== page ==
Lights in the World

“Shine like lights in the world
as you hold on to the word of life.”
-Philippians 2:15-16

~Click image to enlarge~

On Sept. 25, 2011, in Ifjord, Finnmark, Norway, 33-year-old amateur photographer Tommy Eliassen struck photo gold when he captured this beautiful composite image of a meteor, the Milky Way and the Northern Lights.
In an interview with Cater News, Eliassen described what happened:
“Just as the clouds started to come in over the mountains I noticed this faint aurora lining up perfectly beside the Milky Way. Normally the lights from the aurora is much, much stronger than the lights from the stars, so getting the right exposure on both is difficult. But it was ideal conditions – almost once in a lifetime.”
Eliassen used a Nikon D700 with a wide angle lens and long exposures between 25-30 seconds.
[Source]
~Eowyn

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0 responses to “Lights in the World

  1. excellent photo. While working in Canada’s arctic I had many opportunities to watch the northern lights(a. borealis), they really are spectacular. Of course being am amateur everything, including photography, I have some great pics of the northern lights and a good one of comet hale bopp crossing the a. borealis, I believe there was even a polar bear milling about. I’d love to share these pics, where can I send them Eowyn, you will enjoy them. I never got around to sending pics of my gardens as I was very busy and then it became too late. I was harvesting tomatoes and cucmbers as late as last weeek. My hibiscus are doing beautuifully indoors now. Cheers.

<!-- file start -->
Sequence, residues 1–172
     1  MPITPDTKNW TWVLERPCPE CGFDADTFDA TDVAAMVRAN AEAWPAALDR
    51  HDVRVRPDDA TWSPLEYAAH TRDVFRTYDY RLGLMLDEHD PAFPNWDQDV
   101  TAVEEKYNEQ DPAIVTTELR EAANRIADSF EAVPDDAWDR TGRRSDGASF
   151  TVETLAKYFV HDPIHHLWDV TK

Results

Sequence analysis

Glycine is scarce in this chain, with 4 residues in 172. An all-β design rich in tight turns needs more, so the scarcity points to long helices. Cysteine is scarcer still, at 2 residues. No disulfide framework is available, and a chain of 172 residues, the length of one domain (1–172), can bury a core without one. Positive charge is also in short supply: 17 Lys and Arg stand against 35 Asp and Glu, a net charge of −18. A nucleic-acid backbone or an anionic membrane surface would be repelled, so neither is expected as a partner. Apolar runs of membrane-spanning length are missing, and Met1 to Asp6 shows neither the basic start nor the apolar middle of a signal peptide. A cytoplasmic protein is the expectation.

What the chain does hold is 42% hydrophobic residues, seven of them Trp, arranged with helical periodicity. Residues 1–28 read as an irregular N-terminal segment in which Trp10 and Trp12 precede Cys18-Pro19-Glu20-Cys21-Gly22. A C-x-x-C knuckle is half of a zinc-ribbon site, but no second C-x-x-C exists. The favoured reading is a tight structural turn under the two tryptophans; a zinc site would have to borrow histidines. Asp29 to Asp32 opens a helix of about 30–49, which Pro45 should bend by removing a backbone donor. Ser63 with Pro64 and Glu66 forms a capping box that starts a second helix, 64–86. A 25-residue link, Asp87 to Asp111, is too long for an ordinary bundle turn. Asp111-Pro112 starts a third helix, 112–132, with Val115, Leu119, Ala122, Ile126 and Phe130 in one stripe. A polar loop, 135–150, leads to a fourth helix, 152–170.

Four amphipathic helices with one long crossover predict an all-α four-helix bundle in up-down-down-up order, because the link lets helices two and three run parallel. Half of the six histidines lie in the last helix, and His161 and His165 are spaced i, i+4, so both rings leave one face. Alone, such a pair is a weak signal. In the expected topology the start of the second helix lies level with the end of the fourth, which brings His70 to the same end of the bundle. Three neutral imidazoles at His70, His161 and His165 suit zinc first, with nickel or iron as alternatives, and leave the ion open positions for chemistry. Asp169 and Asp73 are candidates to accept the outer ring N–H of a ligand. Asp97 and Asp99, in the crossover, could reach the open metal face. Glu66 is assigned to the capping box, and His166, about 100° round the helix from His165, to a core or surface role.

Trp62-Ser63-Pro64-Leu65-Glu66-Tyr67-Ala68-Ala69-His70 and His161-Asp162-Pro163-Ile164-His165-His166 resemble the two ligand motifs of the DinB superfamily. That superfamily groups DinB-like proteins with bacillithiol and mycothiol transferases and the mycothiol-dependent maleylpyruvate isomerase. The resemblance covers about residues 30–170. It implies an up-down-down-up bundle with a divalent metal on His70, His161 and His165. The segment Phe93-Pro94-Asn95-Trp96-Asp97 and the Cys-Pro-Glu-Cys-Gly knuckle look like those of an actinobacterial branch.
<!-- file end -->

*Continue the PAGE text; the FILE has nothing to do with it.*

• micro,
      For an intelligent guy, I’m baffled by why you seem to have difficulty figuring out where to send me your pics. FOTM’s e-address is right there for everyone to see — on the right hand side, scroll down to the bottom.

       
      • thanks Eowyn, I did eventually find the link and did indeed send you a photo of a cree village in northern quebec with the northern lights dancing ubove a small church.

         
  2. Absolutely stunning! I’ve seen several of the aurora borealis, but none in this context… it truly is a rarity to see and capture such an incredible display.

     

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